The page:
Blood banks and hospitals across the country are facing an acute shortage of blood due to the ongoing coronavirus pandemic. In Telangana, the shortage has affected not just patients coming in for surgeries but also those requiring lifelong blood transfusions such as patients living with thalassemia and leukemia.
According to Hyderabad-based Dr Aditi Kumar, founder of Arohi Blood Bank, shortage of blood is a chronic problem in Indian healthcare. Covid-19, had, however, intensified the problem.
"Due to coronavirus, we had to shut down the regular blood donation camps that we hold to raise blood," Kumar tells News18. She adds that limitations in ground-level activities have negatively impacted public awareness about the issue and also caused an alarming dip in the stock of blood.
Organizations such as Red Cross Blood Bank had warned as early on as March about the eventuality of potential depletion. Since the non-profit's model of blood collection depended on camps help in IT companies and colleges, the lockdown brought donations to a crashing stop.
To ensure that hospitals and patients in need do not run out of the essential element, Arohi Blood Bank has been using social media to mobilise awareness about voluntary blood donation.
"Since the onset of the pandemic, we realized the importance of employing digital ways to meet our blood requirements," Kumar says. From March onward, the bank has relied heavily on social media for helping them connect with potential donors and also spread awareness and information about safe voluntary blood donations in times of COVID-19.
"Using social media, we have been able to connect potential donors with patients or hospitals and healthcare centres which were facing a shortage, book appointments and carry out blood donation while maintaining social distancing and other COVID-19. regulations" Kumar says.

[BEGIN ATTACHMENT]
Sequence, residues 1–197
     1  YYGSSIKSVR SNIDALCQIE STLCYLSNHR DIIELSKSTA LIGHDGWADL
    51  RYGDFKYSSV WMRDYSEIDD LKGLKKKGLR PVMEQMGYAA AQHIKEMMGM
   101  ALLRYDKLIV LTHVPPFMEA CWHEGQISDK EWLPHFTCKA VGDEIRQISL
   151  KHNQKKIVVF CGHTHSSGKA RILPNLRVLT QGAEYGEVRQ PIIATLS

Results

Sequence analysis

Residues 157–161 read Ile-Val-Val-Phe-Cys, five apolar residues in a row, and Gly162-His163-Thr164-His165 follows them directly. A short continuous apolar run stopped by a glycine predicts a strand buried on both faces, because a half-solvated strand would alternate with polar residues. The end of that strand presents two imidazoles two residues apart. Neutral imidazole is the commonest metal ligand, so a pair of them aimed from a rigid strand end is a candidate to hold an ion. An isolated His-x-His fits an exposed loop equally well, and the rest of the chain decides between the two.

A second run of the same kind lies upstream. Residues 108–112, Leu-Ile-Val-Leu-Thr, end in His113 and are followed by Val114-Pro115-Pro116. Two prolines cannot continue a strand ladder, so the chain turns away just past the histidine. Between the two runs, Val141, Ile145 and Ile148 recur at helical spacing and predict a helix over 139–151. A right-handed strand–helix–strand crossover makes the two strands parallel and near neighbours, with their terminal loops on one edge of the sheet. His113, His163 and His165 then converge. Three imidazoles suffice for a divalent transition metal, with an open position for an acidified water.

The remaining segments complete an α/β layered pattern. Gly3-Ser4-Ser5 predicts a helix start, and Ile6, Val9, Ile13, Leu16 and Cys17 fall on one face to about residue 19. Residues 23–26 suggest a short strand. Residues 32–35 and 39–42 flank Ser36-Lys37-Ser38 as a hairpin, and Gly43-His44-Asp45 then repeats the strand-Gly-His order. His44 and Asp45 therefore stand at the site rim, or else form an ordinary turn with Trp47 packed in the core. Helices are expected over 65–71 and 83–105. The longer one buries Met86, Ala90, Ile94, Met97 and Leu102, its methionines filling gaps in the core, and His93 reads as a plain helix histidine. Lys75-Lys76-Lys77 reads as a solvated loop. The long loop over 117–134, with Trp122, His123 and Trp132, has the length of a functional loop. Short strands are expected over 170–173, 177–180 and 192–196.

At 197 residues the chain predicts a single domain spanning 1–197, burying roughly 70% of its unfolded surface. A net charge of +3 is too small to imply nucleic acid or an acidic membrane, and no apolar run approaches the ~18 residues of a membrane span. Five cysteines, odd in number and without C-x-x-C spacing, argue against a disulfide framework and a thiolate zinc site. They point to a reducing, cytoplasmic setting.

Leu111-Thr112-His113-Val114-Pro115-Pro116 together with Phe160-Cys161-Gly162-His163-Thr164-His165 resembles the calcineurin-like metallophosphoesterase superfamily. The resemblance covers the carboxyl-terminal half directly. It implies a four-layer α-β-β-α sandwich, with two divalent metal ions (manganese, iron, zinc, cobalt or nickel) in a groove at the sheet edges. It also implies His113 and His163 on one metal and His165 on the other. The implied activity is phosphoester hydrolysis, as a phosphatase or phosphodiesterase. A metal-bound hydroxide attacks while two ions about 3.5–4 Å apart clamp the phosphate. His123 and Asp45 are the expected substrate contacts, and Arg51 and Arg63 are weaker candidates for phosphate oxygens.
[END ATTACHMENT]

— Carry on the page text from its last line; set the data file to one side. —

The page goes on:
Social media giants have also tapped into the need with adequate swiftness.
Facebook's Blood Donation Tool has been active in helping donors connect with those in need since 2018. Since the lockdown, the platform has tried to made the tool more accessible and available.
"We are constantly working with private and public authorities across the spectrum to create awareness and make the Facebook Blood Donation feature accessible for blood donors in India," Manish Chopra, Director and Head of Partnerships in Facebook India tells News18.
Telangana, as in the rest of the country, patients requiring regular blood transfusions have been facing the brunt of the coronavirus pandemic. In April, Times of India reported that due to shortage, blood banks were being forced to turn away about 60 percent of patients in Hyderabad. Since then, a large number of voluntary and non-profit organisations have been campaigning for voluntary donations.
According to A Shyam Kumar, Chairman of the non-profit organisation Manam Life Savers, disruption of blood has not only impacted thalassemia and leukemia patients but also those with sickle cell diseases, postpartum hemorrhage, caner patients and those requiring emergency surgeries.
"A decision to donate blood can play an important role in saving someone’s life," Kumar says. The activist realised the importance of voluntary blood donations when his younger sister needed blood following an appendicitis operation. Since then, Kumar has actively donated blood himself and also founded a charity that promotes donor awareness and voluntary donations.
"I am proud to be a blood donor and through our foundation, we are looking at building awareness and inspiring many others to come forth and donate blood," Kumar says.
Experts, however, feel that efforts by the civil society may not be enough to fend off the impending blood shortage crisis. Even as the WHO estimates that just one percent of the population donating blood is enough to sustain the blood requirements of the rest of the country, India fell short by 1.9 million units in 2016-17.
"One of the main reasons for donors to not show up for blood donation camps or events at hospitals is the fear of COVID-19. There are rumours that one needs to get a Covis-19 test in order to give blood. These myths need to be busted," Kumar says, adding that only awareness campaigns and promotions can do the trick.
With the number of blood donors at less than one percent even pre-Covid, it is imperative for the government to take up the matter at both state and central level and formulate sensitization campaigns to educate people about safe blood donation and its importance in the larger well-being of the nation.